There is a need for a reliable and accurate method for quantification of each of the seven individual vitamin B6 compounds including pyridoxine-β-glucoside in foods.
To determine pyridoxal (PL), pyridoxamine (PM), pyridoxine (PN), pyridoxal 5′-phosphate (PLP), pyridoxamine 5′-phosphate (PMP), pyridoxine 5′-phosphate (PNP), and pyridoxine-β-glucoside (PNG) in foods.
By specific enzymatic treatment, each of the seven vitamin B6 compounds was all converted into 4-pyridoxolactone, which is a highly fluorescent compound. In total, seven separate, enzymatic steps were performed for each sample. Separation and quantification were performed with reversed-phase high performance liquid chromatography (HPLC) coupled with fluorescence detection. For each sample type the result was corrected for the recovery based on spiked samples. The method was applied for analyses of chicken liver, chicken white meat, egg yolk, egg white, dried anchovy, carrots, and garlic.
The recovery varied from 14 to 114% in chicken liver, chicken white meat, egg yolk, egg white, dried anchovy, carrot, and garlic. Each food showed a characteristic distribution of the seven vitamin B6 compounds. The PNG was only found in low amounts; that is, 17–29nmol vitamin B6/g in the plant-derived foods, carrot and garlic. Only egg white showed a lower content, 3nmol/g. Overall the content in chicken liver, chicken white meat, and egg yolk had a total content of vitamin B6 between 42 and 51nmol/g. Both PM and PMP were high in the chicken liver. In contrast, PL and PLP were high in the chicken white meat. The main vitamin B6 in the egg yolk was PLP. The dried anchovy contained high amounts of PLP and PMP and a total content of 144nmol/g.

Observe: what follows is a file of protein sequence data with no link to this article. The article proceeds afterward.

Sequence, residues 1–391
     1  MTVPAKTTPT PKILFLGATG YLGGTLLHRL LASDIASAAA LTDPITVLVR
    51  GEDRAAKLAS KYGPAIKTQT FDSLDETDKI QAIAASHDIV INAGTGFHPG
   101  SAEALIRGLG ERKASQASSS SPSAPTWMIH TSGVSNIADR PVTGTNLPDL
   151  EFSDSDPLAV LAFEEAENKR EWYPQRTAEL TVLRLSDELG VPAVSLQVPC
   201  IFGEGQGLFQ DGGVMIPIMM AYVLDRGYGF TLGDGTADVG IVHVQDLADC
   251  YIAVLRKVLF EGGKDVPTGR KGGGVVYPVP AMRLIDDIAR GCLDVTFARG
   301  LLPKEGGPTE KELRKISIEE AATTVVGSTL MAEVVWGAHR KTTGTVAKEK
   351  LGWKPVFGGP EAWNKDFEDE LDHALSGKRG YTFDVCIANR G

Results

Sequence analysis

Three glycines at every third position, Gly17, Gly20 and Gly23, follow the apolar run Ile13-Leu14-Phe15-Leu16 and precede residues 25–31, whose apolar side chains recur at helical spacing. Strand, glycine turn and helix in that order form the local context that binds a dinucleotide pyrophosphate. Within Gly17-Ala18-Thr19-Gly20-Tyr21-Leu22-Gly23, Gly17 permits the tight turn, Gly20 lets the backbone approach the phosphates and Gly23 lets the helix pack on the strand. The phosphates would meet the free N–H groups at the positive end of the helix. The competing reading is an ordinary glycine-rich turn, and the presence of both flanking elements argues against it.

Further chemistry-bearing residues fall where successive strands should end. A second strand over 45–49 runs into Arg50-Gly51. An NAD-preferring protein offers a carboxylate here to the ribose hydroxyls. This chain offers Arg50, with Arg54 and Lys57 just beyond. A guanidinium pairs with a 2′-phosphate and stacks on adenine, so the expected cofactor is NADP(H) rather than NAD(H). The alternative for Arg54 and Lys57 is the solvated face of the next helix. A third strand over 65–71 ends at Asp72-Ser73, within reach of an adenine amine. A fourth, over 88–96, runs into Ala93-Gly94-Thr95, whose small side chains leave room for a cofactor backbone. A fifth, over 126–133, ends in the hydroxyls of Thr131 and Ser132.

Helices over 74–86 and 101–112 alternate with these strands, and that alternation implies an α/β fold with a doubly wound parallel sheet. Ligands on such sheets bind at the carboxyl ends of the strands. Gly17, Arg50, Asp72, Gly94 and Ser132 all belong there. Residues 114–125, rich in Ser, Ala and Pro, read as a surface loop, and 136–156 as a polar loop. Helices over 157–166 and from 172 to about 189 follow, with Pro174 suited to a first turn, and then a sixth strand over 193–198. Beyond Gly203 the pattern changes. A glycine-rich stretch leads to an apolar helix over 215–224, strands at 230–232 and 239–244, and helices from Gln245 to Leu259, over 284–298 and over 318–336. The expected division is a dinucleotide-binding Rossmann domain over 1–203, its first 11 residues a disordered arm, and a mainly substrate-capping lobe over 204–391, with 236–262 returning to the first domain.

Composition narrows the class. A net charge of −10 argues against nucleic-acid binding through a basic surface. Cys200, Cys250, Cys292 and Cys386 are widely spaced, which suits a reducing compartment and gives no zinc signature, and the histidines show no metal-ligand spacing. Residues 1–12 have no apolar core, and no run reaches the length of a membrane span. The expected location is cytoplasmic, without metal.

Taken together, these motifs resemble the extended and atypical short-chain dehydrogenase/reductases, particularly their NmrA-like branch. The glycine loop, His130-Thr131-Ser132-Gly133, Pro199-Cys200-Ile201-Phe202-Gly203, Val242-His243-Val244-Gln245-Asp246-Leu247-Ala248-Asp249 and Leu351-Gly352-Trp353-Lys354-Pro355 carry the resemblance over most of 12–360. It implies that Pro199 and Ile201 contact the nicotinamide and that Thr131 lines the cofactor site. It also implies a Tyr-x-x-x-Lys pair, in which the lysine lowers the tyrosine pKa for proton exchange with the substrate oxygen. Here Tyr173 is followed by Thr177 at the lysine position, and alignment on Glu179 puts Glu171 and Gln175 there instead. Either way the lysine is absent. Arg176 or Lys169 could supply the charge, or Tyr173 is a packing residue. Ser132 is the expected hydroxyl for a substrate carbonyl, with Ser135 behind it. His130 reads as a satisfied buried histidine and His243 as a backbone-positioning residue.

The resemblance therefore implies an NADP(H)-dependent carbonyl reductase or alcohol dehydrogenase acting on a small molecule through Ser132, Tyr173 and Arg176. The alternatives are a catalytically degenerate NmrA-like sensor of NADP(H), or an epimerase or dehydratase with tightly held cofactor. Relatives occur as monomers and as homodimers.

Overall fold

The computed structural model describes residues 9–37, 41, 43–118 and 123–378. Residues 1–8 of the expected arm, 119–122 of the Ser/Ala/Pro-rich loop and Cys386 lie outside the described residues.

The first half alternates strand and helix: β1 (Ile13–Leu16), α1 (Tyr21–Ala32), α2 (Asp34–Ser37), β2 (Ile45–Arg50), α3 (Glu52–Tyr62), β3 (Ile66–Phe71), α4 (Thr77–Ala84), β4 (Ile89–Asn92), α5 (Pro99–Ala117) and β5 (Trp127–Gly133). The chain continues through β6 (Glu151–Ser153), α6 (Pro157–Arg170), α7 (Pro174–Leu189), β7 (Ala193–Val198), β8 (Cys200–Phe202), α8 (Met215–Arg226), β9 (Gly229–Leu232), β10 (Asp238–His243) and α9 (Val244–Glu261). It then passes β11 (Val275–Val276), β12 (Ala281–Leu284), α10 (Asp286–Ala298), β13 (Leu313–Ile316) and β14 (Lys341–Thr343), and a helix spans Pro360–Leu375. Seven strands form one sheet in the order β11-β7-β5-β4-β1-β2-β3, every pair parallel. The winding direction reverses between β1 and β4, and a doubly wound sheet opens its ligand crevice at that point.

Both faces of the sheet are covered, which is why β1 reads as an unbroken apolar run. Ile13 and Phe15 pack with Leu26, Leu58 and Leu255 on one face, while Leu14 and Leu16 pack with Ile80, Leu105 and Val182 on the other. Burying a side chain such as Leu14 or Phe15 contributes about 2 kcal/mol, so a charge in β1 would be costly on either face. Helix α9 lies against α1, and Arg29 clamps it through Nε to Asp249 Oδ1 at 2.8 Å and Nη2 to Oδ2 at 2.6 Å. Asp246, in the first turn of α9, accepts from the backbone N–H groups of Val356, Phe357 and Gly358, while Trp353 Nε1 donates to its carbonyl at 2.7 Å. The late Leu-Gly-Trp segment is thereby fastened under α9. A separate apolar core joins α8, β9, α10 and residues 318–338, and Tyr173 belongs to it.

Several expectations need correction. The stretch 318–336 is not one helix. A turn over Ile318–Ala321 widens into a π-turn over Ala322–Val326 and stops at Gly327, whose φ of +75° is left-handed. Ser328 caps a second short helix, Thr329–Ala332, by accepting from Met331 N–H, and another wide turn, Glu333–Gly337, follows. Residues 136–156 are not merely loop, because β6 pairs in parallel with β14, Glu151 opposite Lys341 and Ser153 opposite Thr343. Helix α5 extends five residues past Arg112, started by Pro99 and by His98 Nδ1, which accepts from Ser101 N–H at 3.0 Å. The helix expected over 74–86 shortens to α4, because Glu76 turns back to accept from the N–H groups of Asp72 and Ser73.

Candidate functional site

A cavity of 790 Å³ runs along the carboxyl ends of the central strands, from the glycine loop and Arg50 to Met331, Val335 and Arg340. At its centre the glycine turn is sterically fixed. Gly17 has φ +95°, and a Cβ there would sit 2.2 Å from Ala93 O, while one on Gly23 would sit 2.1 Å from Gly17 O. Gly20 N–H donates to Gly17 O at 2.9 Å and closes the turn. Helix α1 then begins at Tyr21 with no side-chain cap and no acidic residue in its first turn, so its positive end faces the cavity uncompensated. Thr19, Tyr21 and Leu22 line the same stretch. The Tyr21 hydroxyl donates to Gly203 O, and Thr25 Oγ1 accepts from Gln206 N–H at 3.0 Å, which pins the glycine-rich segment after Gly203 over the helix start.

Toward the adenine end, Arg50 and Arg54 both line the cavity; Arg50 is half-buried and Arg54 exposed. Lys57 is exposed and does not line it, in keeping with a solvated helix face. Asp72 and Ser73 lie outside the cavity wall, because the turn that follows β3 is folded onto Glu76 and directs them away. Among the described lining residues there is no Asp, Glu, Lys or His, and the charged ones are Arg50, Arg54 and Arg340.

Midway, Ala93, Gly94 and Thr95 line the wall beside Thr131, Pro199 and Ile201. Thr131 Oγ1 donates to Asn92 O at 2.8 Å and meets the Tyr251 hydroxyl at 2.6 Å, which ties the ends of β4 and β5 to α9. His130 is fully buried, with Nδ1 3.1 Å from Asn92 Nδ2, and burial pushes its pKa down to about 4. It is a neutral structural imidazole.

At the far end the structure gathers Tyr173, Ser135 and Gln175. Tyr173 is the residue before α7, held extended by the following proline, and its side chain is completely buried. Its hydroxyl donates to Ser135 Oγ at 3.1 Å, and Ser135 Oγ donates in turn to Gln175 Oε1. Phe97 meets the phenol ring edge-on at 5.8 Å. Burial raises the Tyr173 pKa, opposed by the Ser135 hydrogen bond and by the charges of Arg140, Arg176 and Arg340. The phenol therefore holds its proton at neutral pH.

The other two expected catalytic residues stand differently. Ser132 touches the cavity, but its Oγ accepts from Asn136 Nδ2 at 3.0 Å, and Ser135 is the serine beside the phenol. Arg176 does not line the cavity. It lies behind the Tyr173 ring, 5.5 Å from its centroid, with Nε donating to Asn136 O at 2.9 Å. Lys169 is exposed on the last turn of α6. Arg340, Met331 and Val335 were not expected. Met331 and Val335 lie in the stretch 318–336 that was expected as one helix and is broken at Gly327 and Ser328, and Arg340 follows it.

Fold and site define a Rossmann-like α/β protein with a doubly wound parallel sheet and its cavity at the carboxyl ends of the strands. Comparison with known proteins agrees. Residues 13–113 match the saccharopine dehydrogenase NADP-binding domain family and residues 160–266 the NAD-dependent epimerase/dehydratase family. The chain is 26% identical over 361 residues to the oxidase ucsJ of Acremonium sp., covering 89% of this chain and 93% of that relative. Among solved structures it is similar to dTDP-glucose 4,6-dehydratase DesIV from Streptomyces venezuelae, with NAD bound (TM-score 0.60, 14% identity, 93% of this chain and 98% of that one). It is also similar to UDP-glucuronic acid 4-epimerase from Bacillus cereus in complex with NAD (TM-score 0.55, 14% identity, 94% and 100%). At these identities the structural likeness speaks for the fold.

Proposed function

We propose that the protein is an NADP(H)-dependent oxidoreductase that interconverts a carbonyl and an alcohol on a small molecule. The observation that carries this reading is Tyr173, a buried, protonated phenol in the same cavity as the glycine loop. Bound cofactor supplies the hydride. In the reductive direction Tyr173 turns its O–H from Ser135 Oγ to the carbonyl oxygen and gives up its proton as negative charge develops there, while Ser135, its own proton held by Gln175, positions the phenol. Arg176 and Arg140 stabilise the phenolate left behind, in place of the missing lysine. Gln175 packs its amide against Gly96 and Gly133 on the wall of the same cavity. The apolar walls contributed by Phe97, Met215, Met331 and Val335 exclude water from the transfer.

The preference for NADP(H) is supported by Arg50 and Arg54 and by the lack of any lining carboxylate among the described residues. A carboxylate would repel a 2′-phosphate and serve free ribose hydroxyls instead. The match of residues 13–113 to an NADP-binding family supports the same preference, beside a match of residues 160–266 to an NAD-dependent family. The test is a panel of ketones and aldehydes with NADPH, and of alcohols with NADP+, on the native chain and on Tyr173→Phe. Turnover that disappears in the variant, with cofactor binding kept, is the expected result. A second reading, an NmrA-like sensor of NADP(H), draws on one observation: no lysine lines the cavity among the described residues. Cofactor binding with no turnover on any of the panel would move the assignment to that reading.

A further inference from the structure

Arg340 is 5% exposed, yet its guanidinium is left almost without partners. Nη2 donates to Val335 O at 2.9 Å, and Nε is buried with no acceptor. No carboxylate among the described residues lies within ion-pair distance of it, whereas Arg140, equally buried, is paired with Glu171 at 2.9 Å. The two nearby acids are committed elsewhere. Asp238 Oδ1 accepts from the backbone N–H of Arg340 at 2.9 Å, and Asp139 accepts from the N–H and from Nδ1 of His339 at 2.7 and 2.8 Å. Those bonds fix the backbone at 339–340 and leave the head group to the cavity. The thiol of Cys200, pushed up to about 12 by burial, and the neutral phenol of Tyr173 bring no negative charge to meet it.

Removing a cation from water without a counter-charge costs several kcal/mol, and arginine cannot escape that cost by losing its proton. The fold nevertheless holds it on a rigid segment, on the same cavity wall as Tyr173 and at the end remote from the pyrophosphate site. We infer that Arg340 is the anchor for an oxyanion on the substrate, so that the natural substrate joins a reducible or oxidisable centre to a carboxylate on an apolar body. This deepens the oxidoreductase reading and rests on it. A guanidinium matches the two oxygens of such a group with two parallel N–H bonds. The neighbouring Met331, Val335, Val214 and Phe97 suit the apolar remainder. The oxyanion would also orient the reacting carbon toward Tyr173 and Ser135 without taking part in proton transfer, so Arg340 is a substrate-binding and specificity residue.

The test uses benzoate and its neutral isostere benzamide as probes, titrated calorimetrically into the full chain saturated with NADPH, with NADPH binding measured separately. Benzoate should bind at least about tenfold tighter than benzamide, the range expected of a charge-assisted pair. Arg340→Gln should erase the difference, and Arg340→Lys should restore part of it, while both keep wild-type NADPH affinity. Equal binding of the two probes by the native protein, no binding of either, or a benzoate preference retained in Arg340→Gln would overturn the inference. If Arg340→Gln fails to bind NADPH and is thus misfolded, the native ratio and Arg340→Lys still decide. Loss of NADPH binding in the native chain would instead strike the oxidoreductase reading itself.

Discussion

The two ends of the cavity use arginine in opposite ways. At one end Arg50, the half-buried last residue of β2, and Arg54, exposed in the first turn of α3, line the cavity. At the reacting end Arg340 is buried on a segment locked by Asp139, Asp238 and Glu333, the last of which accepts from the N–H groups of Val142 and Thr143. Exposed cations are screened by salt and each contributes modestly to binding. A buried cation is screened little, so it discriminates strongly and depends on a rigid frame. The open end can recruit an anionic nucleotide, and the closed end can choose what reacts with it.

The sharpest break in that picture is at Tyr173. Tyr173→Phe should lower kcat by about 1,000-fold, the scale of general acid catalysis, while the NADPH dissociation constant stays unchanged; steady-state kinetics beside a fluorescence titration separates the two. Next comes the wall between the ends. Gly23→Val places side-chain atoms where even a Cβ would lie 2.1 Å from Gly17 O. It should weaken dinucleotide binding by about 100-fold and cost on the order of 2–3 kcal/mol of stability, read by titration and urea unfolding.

The enzymatic-based HPLC method was applied for the determination of seven vitamin B6 compounds in foods. Their distribution in the foods varied significantly.
The article is published online in Food & Nutrition Research and is free to access.